I was privileged to be invited to several weddings, pre-wedding and engagement ceremonies. Great to be able to be part of this, see and understand the traditional ceremonies, family connections and being able to wear the local cloths!

Weddings in India are often arranged affairs, where the parents choose the partner for their son or daughter. When both families agree an engagement ceremony takes place at the girl’s house (see Pali photos), where she gets presents and a special puja (spiritual ceremony) is done by her soon-to-be-family-in-law. The wedding itself has 7 days of evening ceremonies beforehand. For the guy, he gets presents from family-in-law and 7 important family members receive some alcohol and little money. One chosen boy has to sit next to the groom acting as the protecting Ganesh god during these ceremonies. On the wedding day itself the groom, sitting on a horse, is lead to the wedding venue accompanied by dancing family members and a LOUD music system or LOUD musicians walking between people carrying huge lanterns. Once arrived, before entering more traditions are carried out. Then he sits on stage and waits for his to-be-wife to be lead to the stage. There they will remain the rest of the evening, on the photo with all the guest, family and friends….one after the other. And they are NOT allowed to smile. The guests are entertained with food (lots of it; in buffet style or given to you when you are sitting on the ground in huge rows) and sometimes music. At 23.00 most people have gone. In the night or the next morning the wedding ceremony is carried out by the pundit (kind of priest). It lasts several hours. E.g. they have to hold hands for some time with henna in between, puja is done with parents, they walk around the holy fire 7 times. Then it is time to go. As of today the bride leaves her parental home and will live with her husband and family-in-law for the rest of her life. People she only met once (or not at all) in her life. Find it hard to understand coming from a culture where love-marriage is the norm. I could not live with my family-in-law in one house, making chapatti for the rest of my life. Here it is part of culture in all cast and every layer of society. Divorce is (almost) impossible. One can only hope the bonding and love feelings will develop during the marriage.

And what are my plans for the near future…I decided to stay in Pushkar even longer ;-)))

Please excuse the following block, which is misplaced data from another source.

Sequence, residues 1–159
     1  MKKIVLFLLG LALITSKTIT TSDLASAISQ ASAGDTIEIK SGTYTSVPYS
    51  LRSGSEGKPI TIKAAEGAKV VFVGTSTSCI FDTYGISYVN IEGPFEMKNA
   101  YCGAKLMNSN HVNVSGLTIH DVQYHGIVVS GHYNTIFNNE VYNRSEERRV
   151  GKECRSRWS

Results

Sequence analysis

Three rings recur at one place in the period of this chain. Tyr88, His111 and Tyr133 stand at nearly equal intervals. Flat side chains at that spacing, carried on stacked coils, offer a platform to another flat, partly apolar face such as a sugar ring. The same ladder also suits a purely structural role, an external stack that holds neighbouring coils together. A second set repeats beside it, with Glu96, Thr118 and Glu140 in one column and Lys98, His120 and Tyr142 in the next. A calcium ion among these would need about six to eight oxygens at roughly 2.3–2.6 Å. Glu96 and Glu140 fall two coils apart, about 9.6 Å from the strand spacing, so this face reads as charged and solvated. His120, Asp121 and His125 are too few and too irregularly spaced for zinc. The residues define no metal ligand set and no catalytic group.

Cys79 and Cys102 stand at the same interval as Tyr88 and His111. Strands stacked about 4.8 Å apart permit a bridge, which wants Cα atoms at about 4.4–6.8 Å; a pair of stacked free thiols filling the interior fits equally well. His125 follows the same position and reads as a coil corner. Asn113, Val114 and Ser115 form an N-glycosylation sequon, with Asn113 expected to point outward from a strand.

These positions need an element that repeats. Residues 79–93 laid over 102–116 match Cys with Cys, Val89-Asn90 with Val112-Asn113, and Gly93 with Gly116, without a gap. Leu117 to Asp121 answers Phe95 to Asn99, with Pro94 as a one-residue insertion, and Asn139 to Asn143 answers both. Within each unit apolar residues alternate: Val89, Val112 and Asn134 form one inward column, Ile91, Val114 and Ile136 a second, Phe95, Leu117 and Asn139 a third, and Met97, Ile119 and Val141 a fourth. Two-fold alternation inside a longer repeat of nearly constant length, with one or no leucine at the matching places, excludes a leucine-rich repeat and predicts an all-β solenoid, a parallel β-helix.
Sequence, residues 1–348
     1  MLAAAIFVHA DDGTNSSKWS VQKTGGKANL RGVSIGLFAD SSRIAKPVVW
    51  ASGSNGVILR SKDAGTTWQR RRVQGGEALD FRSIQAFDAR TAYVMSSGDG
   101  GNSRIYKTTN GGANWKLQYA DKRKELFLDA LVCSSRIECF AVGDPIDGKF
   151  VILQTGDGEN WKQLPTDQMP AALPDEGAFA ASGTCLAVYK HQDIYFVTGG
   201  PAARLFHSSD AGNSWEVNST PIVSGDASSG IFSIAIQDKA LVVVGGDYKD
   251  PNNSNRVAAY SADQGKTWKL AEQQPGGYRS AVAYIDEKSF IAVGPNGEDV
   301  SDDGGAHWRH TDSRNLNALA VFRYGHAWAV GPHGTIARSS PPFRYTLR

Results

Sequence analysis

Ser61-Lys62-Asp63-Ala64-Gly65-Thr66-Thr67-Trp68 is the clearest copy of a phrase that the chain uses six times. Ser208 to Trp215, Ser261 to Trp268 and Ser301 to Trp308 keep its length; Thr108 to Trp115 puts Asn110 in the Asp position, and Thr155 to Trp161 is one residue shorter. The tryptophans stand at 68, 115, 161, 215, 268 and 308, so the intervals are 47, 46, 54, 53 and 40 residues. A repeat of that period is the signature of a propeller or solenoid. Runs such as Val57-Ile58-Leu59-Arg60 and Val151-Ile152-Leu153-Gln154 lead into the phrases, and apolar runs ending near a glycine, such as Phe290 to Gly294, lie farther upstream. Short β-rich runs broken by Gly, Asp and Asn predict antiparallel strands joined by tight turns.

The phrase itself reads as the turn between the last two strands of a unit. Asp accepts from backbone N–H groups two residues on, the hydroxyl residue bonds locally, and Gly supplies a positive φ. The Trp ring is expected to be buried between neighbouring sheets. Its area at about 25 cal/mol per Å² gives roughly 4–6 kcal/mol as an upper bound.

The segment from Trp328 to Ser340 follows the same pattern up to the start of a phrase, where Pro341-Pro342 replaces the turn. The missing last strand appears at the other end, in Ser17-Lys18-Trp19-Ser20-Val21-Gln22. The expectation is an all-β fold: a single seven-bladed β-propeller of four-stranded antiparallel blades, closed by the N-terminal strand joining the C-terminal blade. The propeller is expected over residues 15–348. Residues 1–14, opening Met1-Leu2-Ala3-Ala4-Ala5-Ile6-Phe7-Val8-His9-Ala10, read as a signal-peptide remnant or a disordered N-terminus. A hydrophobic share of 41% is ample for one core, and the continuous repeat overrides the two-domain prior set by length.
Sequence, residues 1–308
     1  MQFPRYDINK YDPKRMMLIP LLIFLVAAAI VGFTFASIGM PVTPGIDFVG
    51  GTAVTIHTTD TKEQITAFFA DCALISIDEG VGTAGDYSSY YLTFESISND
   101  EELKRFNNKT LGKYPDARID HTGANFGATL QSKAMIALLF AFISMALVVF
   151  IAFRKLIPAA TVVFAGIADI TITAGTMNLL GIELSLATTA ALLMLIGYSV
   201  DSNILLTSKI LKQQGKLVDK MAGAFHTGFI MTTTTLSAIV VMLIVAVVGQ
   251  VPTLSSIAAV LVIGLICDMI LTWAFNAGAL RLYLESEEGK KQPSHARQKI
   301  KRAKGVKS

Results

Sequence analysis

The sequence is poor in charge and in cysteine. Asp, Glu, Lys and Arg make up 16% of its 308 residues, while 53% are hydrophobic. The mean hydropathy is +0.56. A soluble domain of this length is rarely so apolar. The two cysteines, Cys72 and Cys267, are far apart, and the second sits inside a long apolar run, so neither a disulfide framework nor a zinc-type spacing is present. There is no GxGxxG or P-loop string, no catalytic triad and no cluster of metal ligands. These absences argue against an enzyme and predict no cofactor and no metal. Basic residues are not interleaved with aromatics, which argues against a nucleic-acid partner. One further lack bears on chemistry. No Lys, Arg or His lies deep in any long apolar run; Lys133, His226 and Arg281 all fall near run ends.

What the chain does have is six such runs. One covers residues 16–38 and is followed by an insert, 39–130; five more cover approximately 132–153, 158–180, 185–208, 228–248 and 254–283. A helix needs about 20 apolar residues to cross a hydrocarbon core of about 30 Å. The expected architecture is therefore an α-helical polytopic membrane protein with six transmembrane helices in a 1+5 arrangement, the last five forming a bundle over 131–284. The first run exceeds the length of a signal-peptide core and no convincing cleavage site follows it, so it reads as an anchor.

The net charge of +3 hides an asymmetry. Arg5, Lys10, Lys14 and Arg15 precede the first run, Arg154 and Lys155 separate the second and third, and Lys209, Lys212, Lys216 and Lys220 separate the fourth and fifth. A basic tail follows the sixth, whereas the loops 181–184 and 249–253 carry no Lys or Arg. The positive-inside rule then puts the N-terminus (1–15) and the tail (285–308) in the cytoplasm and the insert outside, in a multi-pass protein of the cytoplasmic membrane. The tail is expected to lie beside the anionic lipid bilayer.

Hope to get the van back this week. Have to do some work on it myself (solar panel back on top, reconnecting wiring, putting back the kitchen, wood panels etc.). Then probably celebrate Holy here (another festival) and as of the 3rd of March I will do the Vipassana course (a strict 10-day meditation course) about 12km from Puskar. After enrolling 3 times and canceling 3 times, now I am ready to face myself and do this. Still afraid in a way, but also know it is the time I need to do in my life. But more about this and other things later…I think the story has been long enough for now.

I am back…online ;-)))

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Michael on

hoi liekie, indrukwekkend verhaal schitterende foto"s blij dat alles toch nog op zijn pootjes terecht is gekomen,. Je zou een boek moeten uitgeven met je reis verhaal.
petje af!!!!!
het gaat je goed.
Gr M

Ramon on

HE Angelique,

Hier even de schademan uit Nederland. Het is toch ook weer wat. Helaas kan ik je daar niet helpen. Hoe de regels daar zijn is mij niet bekend. Maar na het lezen van je verhalen gaan ook wij het prachtige India bezoeken. Vanaf 04-09-2009 zullen wij voor 22 daagjes Inda en Nepal aandoen.

We wensen je nog veel plezier en mis zien e welkaar nog.


Arjen on

Hoi Angelique,

Wat een avonturen zeg! Ontzettend sneu om te zien hoe de bus eruit ziet na het ongeluk. Gelukkig zijn jullie er relatief goed van afgekomen, zoals je zegt, het had erger kunnen zijn... Ongelooflijk! Ik hoop dat de Indiase reparatiemannen hun reputatie waar hebben gemaakt dat ze alles goed kunnen fixen. Het zal wel even wennen zijn voor je zonder Mira maar ik ben ervan overtuigd dat je je weg wel zal vinden. Ik zit alweer een tijdje in Nederland, heb mijn oude werk weer opgepakt en denk vaak terug aan de leuke momenten van de reis. Heel veel plezier en succes! Ik blijf je verhalen volgen.


Марат on

Привет Анжела я очень рад за тебя что ты наконетца добралась до своей цели я просмотрел фото и вижу что ваы пришлось не легко

Tante Marry on

Hallo Angelique, Ja ook ik volg jouw reis door India. Wat maak jij veel mee zeg, ongelofelijk !! Ook van jouw moeder hoor ik wel eens het een en ander. Veel sterkte maar vooral ook veel plezier in dat "vreemde"INDIA. Hier gaat alles gewoon zijn gangetje. Allemaal gezond en Monique haar nieuwe huis wordt binnenkort opgeleverd. Groeten van ons allen.